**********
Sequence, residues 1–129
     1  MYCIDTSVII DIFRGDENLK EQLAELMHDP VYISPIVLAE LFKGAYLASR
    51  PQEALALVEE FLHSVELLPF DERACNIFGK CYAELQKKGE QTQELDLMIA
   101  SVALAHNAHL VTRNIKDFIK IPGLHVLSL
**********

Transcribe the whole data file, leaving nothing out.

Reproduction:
Sequence, residues 1–129
     1  MYCIDTSVII DIFRGDENLK EQLAELMHDP VYISPIVLAE LFKGAYLASR
    51  PQEALALVEE FLHSVELLPF DERACNIFGK CYAELQKKGE QTQELDLMIA
   101  SVALAHNAHL VTRNIKDFIK IPGLHVLSL